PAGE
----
EDF Health

Selected tag(s): Government Accountability Office (GAO)

Lost opportunity for safer food additives

[pullquote]In DC, “Take Out the Trash Day” refers to federal agencies releasing unpopular decisions on Friday when the media and public are not watching.  It is especially common around the holidays or in August when many people, especially those in Congress are on vacation.  On Friday, August 12, FDA took out the trash by issuing a final rule regarding chemicals added to food more than two weeks before a court ordered deadline[/pullquote]

Tom Neltner, J.D.is Chemicals Policy Director

On August 12, the Food and Drug Administration (FDA) issued a final rule defining how companies should voluntarily notify the agency when they conclude that a chemical added to or used to make food is “Generally Recognized as Safe” (GRAS).

The decision is a lost opportunity to close a widely-abused loophole that allows chemicals to be approved for use in food with no notification to or review by FDA. The rule allows the industry to continue making secret decisions about what we eat without the agency’s – or the public’s – knowledge.  The agency has the legal authority to significantly narrow the GRAS loophole to prevent companies from deliberately avoiding FDA’s safety review process.

Just two years ago, the senior FDA official overseeing food safety acknowledged that the agency “cannot vouch for the safety of many of these chemicals” as a result of the GRAS loophole. Read More »

Posted in FDA, Food, Health policy, Regulation / Also tagged , , | Authors: / Comments are closed

Twin dangers from TCE: Widespread exposure, and now a strong link to Parkinson disease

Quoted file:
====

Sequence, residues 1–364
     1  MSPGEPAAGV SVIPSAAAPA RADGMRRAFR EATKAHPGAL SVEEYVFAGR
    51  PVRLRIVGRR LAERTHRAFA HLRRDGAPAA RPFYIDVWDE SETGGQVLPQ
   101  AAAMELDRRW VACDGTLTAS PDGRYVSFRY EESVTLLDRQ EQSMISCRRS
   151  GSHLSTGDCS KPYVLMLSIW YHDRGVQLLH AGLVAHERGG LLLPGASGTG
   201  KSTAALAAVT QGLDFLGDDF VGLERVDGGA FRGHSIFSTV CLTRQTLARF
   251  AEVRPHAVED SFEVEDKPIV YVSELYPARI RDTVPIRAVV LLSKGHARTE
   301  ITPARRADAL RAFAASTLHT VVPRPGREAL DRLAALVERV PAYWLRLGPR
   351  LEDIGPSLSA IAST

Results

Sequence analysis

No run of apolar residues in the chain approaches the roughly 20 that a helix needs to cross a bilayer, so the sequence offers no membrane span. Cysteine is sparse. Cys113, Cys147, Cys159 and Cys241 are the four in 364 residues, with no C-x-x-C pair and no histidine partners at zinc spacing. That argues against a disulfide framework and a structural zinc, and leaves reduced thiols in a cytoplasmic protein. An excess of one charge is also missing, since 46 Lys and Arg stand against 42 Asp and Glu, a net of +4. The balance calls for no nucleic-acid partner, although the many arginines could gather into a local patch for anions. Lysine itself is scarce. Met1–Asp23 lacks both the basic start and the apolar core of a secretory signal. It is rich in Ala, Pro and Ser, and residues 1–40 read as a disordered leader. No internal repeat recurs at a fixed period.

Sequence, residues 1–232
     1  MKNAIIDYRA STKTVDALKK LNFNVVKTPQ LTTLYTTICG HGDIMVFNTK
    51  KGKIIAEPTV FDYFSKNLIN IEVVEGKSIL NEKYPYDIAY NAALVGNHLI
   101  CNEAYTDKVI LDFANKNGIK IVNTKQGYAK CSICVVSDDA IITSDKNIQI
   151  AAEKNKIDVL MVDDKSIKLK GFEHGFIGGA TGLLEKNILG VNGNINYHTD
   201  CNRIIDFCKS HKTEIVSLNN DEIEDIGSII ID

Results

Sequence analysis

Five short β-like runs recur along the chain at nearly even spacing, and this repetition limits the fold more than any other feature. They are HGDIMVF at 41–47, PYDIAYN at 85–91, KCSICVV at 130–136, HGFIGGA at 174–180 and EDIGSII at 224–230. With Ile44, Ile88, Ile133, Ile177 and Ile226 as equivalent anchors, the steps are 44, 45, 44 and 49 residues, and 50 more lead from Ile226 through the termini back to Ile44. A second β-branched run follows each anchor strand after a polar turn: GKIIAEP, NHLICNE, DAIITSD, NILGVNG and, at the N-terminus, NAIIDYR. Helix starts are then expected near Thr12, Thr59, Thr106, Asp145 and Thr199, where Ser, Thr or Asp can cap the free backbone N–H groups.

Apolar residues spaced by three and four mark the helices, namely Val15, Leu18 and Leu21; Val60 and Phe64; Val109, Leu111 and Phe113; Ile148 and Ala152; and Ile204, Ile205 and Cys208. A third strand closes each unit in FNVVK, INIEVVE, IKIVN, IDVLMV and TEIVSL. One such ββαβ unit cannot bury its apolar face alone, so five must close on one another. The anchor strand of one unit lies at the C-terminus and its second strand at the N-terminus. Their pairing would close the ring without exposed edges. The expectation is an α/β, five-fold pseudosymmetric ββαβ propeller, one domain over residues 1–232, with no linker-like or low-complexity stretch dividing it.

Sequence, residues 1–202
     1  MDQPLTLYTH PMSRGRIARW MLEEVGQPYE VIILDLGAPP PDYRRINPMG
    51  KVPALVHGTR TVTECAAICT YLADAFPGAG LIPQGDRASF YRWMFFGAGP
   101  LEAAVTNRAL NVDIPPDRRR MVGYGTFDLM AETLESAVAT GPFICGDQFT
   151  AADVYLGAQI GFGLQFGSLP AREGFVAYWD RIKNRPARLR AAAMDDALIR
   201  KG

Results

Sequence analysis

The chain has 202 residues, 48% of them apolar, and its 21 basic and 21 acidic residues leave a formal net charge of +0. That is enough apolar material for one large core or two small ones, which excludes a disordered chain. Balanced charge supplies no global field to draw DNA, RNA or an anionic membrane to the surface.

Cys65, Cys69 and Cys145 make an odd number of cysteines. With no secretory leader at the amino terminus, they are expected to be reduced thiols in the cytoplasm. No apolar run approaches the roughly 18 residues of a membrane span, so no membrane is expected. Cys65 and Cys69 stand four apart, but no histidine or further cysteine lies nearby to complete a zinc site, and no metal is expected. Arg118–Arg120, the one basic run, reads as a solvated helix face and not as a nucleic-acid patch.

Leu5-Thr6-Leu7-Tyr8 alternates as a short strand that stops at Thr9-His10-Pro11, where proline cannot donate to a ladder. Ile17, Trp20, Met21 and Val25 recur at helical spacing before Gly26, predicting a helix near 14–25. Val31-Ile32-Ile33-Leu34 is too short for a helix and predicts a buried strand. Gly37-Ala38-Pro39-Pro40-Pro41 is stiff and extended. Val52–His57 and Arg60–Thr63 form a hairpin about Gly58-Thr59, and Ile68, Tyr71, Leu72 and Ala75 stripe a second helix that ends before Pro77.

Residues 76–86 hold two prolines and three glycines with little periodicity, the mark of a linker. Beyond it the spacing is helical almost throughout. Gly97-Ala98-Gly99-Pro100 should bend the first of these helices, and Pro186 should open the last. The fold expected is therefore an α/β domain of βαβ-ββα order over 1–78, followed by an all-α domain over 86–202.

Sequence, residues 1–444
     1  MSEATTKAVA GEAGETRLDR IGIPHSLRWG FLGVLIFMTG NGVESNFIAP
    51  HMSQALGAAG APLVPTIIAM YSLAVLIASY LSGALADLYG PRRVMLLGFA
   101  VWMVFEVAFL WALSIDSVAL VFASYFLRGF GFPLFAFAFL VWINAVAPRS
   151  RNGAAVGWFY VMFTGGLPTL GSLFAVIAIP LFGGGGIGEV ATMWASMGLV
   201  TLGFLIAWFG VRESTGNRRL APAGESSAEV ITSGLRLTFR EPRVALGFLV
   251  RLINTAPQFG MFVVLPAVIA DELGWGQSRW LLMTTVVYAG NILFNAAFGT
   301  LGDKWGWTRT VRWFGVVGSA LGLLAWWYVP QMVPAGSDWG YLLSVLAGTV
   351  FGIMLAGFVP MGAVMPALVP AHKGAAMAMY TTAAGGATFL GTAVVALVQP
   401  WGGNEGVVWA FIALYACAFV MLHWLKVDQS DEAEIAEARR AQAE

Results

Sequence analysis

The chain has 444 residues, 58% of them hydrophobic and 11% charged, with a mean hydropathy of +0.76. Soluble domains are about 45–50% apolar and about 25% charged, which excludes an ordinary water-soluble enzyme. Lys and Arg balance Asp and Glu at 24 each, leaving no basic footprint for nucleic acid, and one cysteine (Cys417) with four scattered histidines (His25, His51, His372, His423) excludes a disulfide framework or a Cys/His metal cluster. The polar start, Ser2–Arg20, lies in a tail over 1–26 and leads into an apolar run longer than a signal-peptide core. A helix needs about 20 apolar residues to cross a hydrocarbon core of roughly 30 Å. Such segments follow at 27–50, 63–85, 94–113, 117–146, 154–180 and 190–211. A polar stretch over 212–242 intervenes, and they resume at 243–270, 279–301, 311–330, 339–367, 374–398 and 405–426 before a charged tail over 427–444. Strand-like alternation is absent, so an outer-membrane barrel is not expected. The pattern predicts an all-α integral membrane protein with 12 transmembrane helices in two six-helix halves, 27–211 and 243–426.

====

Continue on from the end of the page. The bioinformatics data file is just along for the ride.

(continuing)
Jennifer McPartland, Ph.D., is a Health Scientist.

A study published online in the Annals of Neurology last week, “Solvent Exposures and Parkinson Disease Risk in Twins,” adds to scientific evidence linking exposure to the solvent trichloroethylene, or TCE, and other common solvents with onset of Parkinson disease.  Parkinson disease is a debilitating condition well known for symptoms of trembling but can also include slowed motion, impaired posture and balance, and loss of automatic movements (e.g. blinking, arm swaying when walking).  Most unfortunately, it has no cure. 

According to the authors, this new twin study is the first confirmation in a population-based study of a significant association between exposure to TCE and incidence of Parkinson disease.    Read More »

Posted in Emerging science, Health policy, Health science, Regulation / Also tagged , , , , , , | Read 1 Response

Compounding the problem: Why aren’t we using the safest and most effective dispersants in the Gulf?

Richard Denison, Ph.D., is a Senior Scientist.

Imagine learning you have a serious disease.  Your doctor decides to treat you with a drug, noting it could have some bad side effects.  He also plans to inject you with the drug, even though it’s only been used orally before now.  That makes you nervous enough to ask for the name of the drug. “Sorry, I can’t tell you,” he says.  “It’s proprietary.”  Even if you trust your doctor, you’re now left with no way to investigate the risks and tradeoffs you’re facing.